Art K gravestone 001

I regret that I only have sketches of their lives but am happy to have known my uncle Arthur!  Bless them both!

 

Sources:

New York, Passenger Lists, 1820-1957, Ancestry.com

United States Federal Census, 1910, Index and Images, FamilySearch; Ironwood Ward 8, Gogebic, Michigan, United State, citing  enumeration district 84, sheet 9B, family 133, NARA microfilm publication T624, Washington, D.C.; FHL microfilm 1,374,660.

U. S., World War I Draft Registration Cards, 1917-1918 for Arthur Knihtila; Michigan, Gogebic County, Draft Card K; http://interactive.ancestry.library.com.

Minnesota, Deaths and Burials, 1835-1990, index, FamilySearch.com, Arlo Knihtila, 09 May 1919; citing Duluth, St. Louis, Minnesota, reference 25665; FHL microfilm 2,218,039.

Obituary of Arthur Knihtila, Ironwood Daily Globe Archives, Ironwood, Michigan.

Newspapers,com.; articles from the Ironwood Daily Globe, Ironwood, Michigan and the Bessemer Herald, Bessemer, Michigan.

A Tribute to My Dad, LaFon Lyons

 

LaFon Art and me in boat 001
My Dad about 1950 with my brother and I ( who can’t stay still!).

 

This week on 52 Ancestors is all about Father’s Day and I would like to share some of my favorite old photos and a bit of a story of my dad, LaFon Camlyn Lyons.   He was born the 30th of August in 1917 in Lynchburg, Virginia, the third son of Clarence Edward Lyons and Cammie Lyster Swanson.  He was really named Camlyn LaFon Lyons but always used LaFon as his first name.  Now “LaFon” is not an ordinary name!  I was told that he was named after a neighbor who was a relative and in my research, I found that to probably be true.  His family had lived in Sugar Grove, Virginia near the Blue Ridge Mountains in 1916, the year before they moved to Lynchburg and my dad was born.  A cousin of the family, through marriage, also lived in Sugar Grove and their son, born in 1916, was Randolph Lafon Huff.  This is likely the neighbor that my dad was named after!  Only, my dad’s name had a capital ” F” in the middle of LaFon.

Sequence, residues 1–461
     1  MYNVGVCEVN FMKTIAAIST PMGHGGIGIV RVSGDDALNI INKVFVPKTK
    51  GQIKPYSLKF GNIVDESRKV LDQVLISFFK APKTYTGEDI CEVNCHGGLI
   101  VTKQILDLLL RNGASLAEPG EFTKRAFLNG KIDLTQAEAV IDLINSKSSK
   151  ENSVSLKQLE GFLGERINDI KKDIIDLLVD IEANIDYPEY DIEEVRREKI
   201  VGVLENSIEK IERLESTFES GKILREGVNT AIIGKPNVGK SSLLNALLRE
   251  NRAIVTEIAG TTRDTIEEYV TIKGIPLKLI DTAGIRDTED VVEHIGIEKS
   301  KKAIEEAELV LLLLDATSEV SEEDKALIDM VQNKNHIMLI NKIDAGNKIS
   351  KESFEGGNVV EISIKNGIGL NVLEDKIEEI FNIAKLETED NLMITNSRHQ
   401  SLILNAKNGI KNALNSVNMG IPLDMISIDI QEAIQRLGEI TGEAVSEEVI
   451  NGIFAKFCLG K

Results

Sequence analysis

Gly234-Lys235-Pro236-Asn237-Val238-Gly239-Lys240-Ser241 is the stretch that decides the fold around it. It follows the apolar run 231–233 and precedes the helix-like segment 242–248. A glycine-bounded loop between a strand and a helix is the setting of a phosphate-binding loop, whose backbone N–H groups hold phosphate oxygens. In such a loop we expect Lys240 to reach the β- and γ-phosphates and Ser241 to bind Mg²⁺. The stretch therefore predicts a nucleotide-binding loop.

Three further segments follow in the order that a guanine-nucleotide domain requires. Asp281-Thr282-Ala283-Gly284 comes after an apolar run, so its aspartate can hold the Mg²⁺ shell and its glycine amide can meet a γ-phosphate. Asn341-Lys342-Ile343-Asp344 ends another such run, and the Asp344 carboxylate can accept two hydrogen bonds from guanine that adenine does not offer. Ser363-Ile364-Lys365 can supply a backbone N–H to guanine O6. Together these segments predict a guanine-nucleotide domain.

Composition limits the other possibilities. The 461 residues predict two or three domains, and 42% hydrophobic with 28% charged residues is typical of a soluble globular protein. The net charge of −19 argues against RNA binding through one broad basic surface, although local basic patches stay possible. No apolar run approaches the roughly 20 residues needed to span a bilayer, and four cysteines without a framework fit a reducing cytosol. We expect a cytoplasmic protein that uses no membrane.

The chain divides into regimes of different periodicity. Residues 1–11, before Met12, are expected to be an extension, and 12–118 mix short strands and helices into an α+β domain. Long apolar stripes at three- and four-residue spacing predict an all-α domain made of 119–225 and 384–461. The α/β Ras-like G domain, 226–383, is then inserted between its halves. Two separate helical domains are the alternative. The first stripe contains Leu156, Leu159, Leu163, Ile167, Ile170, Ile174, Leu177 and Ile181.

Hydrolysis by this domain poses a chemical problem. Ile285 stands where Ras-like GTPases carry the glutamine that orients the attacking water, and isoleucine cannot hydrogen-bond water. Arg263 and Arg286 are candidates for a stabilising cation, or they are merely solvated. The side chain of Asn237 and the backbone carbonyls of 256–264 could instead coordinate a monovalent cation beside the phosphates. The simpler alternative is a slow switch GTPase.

I don’t know a lot about my dad growing up, just bits and pieces.  He had 2 older brothers, Bill (William Lilburn Lyons) and Eddy (Edward McWayne Lyons) and 2 younger sisters, Dreama June Lyons Cranston Schultz, and Coralie Jean Lyons Hearn.  He also had a sister named Rosemary who died at birth.  The family lived and worked on a large tobacco and sugar cane farm at one time, possibly his grandparents farm.  When they moved to Lynchburg, his dad Clarence was a carpenter at Jno. P Pettyjohn & Co.

Big changes for the family happened in 1923.  When my dad was only 5, his family, his uncle’s family, his aunt’s family and some of the cousins all packed up and left Virginia to move to Detroit, Michigan.  Here, most found work in the Auto industry and his dad worked first at the Packard Motor Company and later at Aeroplane Manufacturing as a mechanic.  I have an old letter to my dad from his first cousin, Roland Gilley where Roland talks about growing up in Detroit near my dad.  In the letter, he said, “Remember the time you got hit with a brick at school and broke your arm?”   There must have been a good story behind that one!